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Inducible PTK6 expression drives oncogenic signaling in breast cancer

Carol A Lange

2 Collaborator(s)

Funding source

National Cancer Institute (NIH)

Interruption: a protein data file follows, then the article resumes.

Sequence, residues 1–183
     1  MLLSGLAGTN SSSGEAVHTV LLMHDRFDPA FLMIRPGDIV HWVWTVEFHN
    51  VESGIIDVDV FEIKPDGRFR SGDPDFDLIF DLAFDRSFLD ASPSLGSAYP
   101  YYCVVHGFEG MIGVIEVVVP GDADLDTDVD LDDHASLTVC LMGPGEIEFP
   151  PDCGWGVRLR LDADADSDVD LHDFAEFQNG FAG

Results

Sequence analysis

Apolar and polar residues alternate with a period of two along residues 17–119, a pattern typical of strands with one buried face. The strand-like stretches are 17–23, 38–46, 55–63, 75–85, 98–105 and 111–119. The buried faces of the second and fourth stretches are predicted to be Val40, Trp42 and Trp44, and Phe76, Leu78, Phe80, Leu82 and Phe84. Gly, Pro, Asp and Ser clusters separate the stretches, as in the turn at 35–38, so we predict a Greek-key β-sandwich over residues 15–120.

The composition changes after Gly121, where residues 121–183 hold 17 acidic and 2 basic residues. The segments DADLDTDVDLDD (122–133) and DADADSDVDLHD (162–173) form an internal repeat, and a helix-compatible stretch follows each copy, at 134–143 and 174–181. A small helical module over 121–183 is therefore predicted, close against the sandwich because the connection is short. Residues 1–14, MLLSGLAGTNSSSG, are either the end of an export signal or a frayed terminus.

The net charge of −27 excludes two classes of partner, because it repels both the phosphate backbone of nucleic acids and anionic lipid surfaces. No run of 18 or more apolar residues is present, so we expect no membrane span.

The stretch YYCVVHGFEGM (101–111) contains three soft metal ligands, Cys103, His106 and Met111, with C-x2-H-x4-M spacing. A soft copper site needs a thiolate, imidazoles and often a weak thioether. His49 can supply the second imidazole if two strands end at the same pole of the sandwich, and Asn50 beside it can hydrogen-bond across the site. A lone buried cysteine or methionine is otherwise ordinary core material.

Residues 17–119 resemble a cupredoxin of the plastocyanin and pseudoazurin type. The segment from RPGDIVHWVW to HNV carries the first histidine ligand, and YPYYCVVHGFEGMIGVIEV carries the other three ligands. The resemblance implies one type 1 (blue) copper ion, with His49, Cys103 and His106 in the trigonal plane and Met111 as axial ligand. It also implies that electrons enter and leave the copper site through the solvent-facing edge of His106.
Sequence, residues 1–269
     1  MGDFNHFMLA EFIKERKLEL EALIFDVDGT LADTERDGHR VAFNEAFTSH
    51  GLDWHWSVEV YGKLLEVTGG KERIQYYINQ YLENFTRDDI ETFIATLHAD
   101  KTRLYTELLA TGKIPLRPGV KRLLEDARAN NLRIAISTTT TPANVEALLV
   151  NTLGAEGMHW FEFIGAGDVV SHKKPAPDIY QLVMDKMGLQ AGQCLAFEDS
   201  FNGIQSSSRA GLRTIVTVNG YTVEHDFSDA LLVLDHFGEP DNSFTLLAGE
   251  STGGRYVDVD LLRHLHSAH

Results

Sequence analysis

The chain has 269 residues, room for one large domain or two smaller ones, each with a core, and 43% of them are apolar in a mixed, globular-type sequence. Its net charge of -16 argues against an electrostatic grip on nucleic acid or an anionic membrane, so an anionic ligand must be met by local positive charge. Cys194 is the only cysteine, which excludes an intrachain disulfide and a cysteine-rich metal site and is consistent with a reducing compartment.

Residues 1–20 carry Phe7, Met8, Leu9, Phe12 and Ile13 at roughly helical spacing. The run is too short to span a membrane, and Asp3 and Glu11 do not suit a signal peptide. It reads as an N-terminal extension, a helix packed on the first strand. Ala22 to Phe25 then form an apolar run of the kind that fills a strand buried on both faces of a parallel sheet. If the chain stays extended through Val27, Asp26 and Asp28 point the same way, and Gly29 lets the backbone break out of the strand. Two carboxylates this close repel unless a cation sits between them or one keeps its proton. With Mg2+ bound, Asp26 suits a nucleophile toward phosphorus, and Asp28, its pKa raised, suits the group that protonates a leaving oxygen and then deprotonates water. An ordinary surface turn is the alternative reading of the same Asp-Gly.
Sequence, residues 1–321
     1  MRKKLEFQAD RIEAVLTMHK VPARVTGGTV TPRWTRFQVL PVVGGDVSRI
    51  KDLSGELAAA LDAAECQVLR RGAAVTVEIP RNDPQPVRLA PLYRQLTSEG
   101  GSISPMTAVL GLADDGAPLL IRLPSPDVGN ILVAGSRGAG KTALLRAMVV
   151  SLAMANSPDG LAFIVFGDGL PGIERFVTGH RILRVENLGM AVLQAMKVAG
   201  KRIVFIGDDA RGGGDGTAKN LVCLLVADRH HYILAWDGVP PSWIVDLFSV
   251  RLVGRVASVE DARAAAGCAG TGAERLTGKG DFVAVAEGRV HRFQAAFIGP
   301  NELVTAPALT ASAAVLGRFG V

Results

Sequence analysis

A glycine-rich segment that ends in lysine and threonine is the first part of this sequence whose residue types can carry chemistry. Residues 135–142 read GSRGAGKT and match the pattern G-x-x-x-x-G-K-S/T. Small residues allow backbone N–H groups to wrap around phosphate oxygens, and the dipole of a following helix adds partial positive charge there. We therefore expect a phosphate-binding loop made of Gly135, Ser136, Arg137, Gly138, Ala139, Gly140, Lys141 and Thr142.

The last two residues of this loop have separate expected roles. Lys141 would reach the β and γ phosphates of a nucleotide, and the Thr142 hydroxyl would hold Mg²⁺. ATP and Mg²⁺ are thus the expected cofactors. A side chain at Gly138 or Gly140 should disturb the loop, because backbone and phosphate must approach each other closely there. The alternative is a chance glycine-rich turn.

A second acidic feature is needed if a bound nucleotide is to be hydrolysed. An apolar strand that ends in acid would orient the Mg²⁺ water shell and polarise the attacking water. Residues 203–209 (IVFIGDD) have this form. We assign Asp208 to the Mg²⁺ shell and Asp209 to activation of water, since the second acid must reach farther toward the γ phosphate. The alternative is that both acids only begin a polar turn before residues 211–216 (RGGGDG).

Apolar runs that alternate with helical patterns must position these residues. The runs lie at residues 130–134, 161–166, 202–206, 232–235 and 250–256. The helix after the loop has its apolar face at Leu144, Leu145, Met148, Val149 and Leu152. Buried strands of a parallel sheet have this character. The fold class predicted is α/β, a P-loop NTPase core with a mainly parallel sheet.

Thirty percent of patients diagnosed with breast cancer ultimately develop metastatic disease and relapse in a process that can take years to decades. Tumor progression in the face of initially effective treatment represents a major clinical challenge. Tumor cells circumvent treatment via activation of adaptive and stress-induced signaling pathways. Metastasis and drug resistance occur in response to activation of a variety of stress-sensing signaling pathways whose cellular functions are orchestrated by the oxygen- responsive hypoxia inducible factors (HIFs). Yet, directly targeting HIFs is challenging as they are localized to the nucleus and regulate hundreds of genes. Most "HIF inhibitors" act indirectly rather than directly on HIFα stability/activity. To improve efficacy of treatments for breast cancr patients at risk of developing metastatic disease, "driver" genes acting downstream of HIFs must be identified and targeted. We have identified protein tyrosine kinase 6 (PTK6) as a major driver of oncogenic signaling in breast cancer. PTK6, also known as breast tumor kinase (Brk) is a non-receptor tyrosine kinase that is expressed in up to 86% of breast cancers but is very low or absent from normal breast tissues. Notably, increased PTK6 expression predicts poor outcome and mediates resistance to anti-cancer agents (ex. antibodies) aimed at cell-surface receptors. Forced expression of PTK6 confers "hallmarks" of cancer in vitro, including increased proliferation, pro-survival and migration. Recently, we found that PTK6 is rapidly upregulated in response to conditions that increase cellular stress and facilitate tumor progression, such as oxidative stress, low glucose, UV, and hypoxia. Robust PTK6 expression is also induced by corticosteroids, intracellular ligands for nuclear glucocorticoid receptors (GRs) and mediators of host stress responses. Notably, expression of GR is tightly associated with poor outcome in basal-type or triple-negative (ER-/PR-/Her2-) breast cancer (TNBC). TNBC cells also constitutively express high levels of HIF1α and HIF2α, transcription factor mediators of cellular responses to stress. Our most recent preliminary data suggest that GR/HIF complexes induce PTK6 in response to a variety of cellular stresses that may include chemotherapy. Once expressed, PTK6 activates the stress-associated protein kinases, p38 MAPK and ERK5, two emerging effectors of survival, chemo-resistance, EMT, and migratory/invasive behavior in breast cancer. These data collectively support a model in which cortisol/GR and/or tumor-associated stress mediate HIF-induced PTK6 expression, which then turns on stress-activated signaling pathways (p38 MAPK and ERK5), leading to increased cancer cell survival and the acquisition of migratory/invasive behaviors. In short, we hypothesize that inducible PTK6 confers chemo-resistance and metastatic behavior to tumor cells in vivo. Herein, we propose to define the requirements for PTK6 induction (Aim 1) and signal transduction (Aim 2) and test the role of PTK6 as a mediator of metastasis development and therapy-resistance in vivo using patient-derived xenograft (PDX) models of TNBC (Aim 3).

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